So what was the plan to privatize Social Security anyway? And what were the main criticisms of the proposal? Here's a quick refresher.
Where it started: Back in his 2005 State of the Union address, George W. Bush declared that Social Security was "headed for bankruptcy." As a remedy, he outlined a proposal for younger workers to divert some of their payroll tax contributions to the program into private accounts, where people could invest in a "conservative mix of bonds and stock funds." He argued that these personal accounts could deliver a higher rate of return than what Social Security offers.
In the ensuing months, several Republicans in Congress sponsored legislation to allow younger workers to steer a portion of their payroll tax contributions to Social Security into private accounts. The bill sponsored by Paul Ryan and Sen. John Sununu (R-N.H.) would have allowed workers under the age of 55 to take around half of their payroll tax contributions and place it in a private account, if they so chose.
The criticisms: The main budgetary hurdle with these privatization proposals is that they would make Social Security less solvent in the short term. There's a transition problem. If younger workers can divert their payroll taxes into private accounts, then the Social Security Trust Fund has less money available to pay current retirees. So the government would either have to borrow money or raise taxes or cut benefits to make up the difference.
At the time, the Center on Budget and Policy Priorities estimated that the Ryan-Sununu plan would create an $85.8 trillion shortfall by 2050. (Ryan's plan was the most far-reaching, but even more modest proposals like that of Lindsey Graham would have left Social Security about $17.1 trillion in the hole.) The Social Security Administration concurred that carving out personal accounts would increase the deficit. The Congressional Budget Office found that diverting payroll taxes into private accounts would not improve the health of Social Security — unless the plan included sharp payroll tax hikes and benefit cuts.
Was privatization a better deal? Think tanks in favor of privatization, such as Cato and Heritage, argued that workers could earn a higher rate of return by investing in stocks than the Social Security program gets by investing in Treasuries. But other conservative economists, like Harvard's Robert Barro, disputed that there was any sort of "free lunch" here — stocks do carry a premium, but they are also riskier. The CBO, for its part, argued that when you account for this extra risk, personal accounts wouldn't yield a higher return.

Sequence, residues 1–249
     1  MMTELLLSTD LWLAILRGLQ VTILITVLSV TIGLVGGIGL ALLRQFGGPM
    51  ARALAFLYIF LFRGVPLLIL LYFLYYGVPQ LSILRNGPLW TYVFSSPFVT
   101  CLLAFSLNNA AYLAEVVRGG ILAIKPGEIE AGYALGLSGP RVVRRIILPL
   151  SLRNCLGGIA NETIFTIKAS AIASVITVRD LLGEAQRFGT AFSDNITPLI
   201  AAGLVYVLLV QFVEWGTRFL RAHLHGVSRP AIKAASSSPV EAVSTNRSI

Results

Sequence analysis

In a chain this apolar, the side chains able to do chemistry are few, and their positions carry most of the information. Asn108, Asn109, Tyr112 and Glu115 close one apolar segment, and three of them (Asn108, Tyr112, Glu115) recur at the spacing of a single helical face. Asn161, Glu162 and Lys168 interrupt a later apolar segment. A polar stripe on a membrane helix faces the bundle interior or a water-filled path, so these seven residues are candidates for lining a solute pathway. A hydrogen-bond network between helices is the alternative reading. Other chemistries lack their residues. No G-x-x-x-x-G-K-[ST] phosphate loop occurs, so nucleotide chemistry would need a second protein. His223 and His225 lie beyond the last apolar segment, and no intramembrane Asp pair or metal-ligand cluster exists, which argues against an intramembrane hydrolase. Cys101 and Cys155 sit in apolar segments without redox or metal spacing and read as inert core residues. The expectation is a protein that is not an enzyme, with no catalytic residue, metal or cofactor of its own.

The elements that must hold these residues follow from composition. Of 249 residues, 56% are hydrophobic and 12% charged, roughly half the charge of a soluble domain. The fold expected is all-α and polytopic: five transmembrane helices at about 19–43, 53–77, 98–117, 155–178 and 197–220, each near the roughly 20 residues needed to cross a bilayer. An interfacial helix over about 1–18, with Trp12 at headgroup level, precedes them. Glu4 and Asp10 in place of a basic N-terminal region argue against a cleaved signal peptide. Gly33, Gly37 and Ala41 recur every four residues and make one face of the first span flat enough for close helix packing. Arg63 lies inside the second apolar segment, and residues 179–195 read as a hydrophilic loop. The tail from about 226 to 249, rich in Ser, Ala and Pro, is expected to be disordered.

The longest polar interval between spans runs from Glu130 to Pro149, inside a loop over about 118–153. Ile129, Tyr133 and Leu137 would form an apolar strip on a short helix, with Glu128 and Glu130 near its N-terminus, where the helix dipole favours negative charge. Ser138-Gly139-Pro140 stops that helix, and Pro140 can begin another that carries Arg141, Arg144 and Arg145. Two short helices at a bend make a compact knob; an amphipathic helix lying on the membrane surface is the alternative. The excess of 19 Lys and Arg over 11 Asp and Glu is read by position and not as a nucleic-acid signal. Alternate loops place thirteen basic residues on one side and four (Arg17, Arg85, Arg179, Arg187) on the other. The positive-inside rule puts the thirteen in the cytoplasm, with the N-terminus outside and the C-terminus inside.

A related worry was that privatization would leave retirees vulnerable to the whims of the stock market. What would happen, say, if a person retired just as the financial crisis hit? An analysis (pdf) by the Center for American Progress's Ben Furnas found that a worker who had retired in 2008 would have lost $26,000 in Social Security benefits if he had been enrolled in private accounts his whole life.
Why it died: The Republican proposal met with furious push-back in 2005 — almost no Democrats supported it — and the GOP decided not to even bring it up for a vote. Bush turned his attention elsewhere, giving Social Security just a perfunctory mention in his next State of the Union address, and eventually dropped the subject.
Republicans used to support private accounts, but they're quieter on the subject now: Ryan, obviously, has been a major backer of private accounts in the past. His "Road Map for America's Future" in 2010 contained a Social Security privatization proposal, though his most recent 2012 budget didn't include the idea.
Mitt Romney, for his part, has been supportive of carving out private accounts in the past. Here's what he said in a 2007 Republican primary debate: "The president said let’s have private accounts and take that surplus money that’s being gathered now in Social Security and put that into private accounts. That works." Romney also wrote favorably about privatization in his 2010 book, "No Apology."
But more recently, Republicans have been shying away from idea. In last night's vice-presidential debate, Ryan stressed, "That's not what Mitt Romney's proposing." In the previous debate, Romney himself simply said "neither the president nor I are proposing any changes for any current retirees or near retirees, either to Social Security or Medicare." Instead, Romney supports raising the retirement age for younger workers and curbing the growth of benefits for higher-income Americans.